French magician Alexander Herrmann, also known as Hermann the Great, toured North America, South America, and Europe with a production that brought ever-increasing crowds. His show was spectacular, and relied on his innovation and expertise, and also that of his talented and versatile assistant- Hermann's wife, Adelaide. But then Hermann died in 1896.
Alexander Herrmann’s December 20 funeral at Masonic Hall on 23rd Street in Manhattan was so crowded it blocked the streets. After the burial, Adelaide was alone, with the show and its debts. As the Chicago Tribune reported on December 22, she went to the Queens County Courthouse and “declared the property left by the magician to be worth not more than $2,000,” and that the “debts of the dead man far exceeded the amount of the estate left by him.”
She lamented: “It is among the most pathetic aspects of the stage — of which the general public knows little or nothing — that it allows no time for the indulgence of private sorrows.” Even in her immediate mourning, a crew of 16 people, a show with expensive contraptions, and a menagerie of animals were all waiting for her to decide their fate.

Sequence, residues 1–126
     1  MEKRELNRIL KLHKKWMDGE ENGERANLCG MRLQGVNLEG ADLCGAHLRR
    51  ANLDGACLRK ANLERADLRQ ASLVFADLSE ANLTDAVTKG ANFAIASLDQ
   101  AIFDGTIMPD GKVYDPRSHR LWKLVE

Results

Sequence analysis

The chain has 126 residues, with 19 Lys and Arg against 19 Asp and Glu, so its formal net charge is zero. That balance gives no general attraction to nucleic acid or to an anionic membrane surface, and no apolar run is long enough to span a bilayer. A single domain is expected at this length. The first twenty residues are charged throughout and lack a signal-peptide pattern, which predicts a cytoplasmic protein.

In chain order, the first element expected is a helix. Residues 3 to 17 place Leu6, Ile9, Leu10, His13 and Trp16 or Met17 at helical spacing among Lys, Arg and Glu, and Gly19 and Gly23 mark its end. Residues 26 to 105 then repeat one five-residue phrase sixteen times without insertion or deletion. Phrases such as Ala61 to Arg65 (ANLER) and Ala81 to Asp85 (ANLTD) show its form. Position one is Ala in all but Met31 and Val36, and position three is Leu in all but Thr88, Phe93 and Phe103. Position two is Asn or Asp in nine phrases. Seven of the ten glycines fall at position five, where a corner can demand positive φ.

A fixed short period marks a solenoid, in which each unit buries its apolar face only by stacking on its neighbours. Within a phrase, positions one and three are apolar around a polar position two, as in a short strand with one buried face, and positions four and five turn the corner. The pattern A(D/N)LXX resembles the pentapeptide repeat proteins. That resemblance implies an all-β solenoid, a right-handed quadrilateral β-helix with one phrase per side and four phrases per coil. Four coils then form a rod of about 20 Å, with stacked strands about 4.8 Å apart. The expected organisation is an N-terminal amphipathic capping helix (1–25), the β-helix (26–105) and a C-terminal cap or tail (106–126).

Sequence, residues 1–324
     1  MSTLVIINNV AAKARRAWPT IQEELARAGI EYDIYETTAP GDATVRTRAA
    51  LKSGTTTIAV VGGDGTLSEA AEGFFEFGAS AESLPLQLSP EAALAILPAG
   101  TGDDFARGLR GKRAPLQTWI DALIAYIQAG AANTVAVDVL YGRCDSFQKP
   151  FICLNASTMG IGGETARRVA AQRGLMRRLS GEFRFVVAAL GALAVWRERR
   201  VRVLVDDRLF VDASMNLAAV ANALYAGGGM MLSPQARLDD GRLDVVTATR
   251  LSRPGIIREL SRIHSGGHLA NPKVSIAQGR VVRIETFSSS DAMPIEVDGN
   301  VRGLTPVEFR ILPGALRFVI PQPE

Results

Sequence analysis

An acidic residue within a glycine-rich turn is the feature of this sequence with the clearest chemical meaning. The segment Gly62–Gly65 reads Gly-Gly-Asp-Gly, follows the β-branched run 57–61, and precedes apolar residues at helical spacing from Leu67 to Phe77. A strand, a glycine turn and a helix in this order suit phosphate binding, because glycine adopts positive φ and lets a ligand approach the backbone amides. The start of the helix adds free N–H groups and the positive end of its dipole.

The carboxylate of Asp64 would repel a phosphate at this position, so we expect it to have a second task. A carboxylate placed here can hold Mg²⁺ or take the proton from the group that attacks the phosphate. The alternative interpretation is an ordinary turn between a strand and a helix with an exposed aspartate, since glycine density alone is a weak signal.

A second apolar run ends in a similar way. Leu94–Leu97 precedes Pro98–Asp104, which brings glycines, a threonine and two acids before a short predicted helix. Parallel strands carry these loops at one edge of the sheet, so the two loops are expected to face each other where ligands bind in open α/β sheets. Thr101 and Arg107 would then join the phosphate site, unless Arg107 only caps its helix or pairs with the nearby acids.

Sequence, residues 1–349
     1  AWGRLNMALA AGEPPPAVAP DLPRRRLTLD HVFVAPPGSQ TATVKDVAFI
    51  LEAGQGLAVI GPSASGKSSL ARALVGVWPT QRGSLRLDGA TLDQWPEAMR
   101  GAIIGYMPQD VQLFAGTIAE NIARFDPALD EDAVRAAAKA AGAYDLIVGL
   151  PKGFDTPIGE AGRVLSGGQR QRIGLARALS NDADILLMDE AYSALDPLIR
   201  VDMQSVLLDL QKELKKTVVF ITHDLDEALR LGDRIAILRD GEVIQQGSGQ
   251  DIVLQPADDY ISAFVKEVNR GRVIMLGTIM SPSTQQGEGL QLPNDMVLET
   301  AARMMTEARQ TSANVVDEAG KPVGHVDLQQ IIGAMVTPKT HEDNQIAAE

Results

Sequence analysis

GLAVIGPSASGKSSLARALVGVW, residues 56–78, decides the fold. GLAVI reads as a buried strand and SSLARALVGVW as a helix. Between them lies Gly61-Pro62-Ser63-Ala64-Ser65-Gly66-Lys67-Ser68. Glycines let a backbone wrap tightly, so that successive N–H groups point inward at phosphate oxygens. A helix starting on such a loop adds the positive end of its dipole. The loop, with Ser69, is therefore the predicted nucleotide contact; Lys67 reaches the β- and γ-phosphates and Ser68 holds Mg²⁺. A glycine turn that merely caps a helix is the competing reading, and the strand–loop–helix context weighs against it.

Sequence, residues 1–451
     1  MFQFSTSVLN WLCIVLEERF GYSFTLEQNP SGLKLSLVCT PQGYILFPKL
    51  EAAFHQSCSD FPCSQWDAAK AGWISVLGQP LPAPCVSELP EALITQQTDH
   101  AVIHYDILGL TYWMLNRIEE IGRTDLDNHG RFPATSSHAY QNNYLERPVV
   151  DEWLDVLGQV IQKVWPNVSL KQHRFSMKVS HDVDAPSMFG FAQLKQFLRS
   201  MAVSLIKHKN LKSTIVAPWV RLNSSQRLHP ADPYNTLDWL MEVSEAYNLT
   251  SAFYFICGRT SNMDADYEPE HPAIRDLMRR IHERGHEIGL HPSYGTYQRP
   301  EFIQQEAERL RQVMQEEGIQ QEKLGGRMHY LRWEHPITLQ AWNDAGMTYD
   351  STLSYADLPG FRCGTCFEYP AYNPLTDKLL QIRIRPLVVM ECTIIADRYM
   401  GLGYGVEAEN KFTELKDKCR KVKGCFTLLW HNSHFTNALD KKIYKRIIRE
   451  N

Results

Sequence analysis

Adelaide knew that show must go on, and that Hermann's nephew, who resembled him, was a poor substitute for the master magician. So she took control and added new acts- like the one in which she caught bullets from a firing squad in her hands, and the one where she was shot out of a cannon. Read how the grieving magician's assistant Adelaide Hermann became the Queen of Magic and led the show for 25 years, at Narratively. -via Metafilter
(Image credit: Jared Boggess)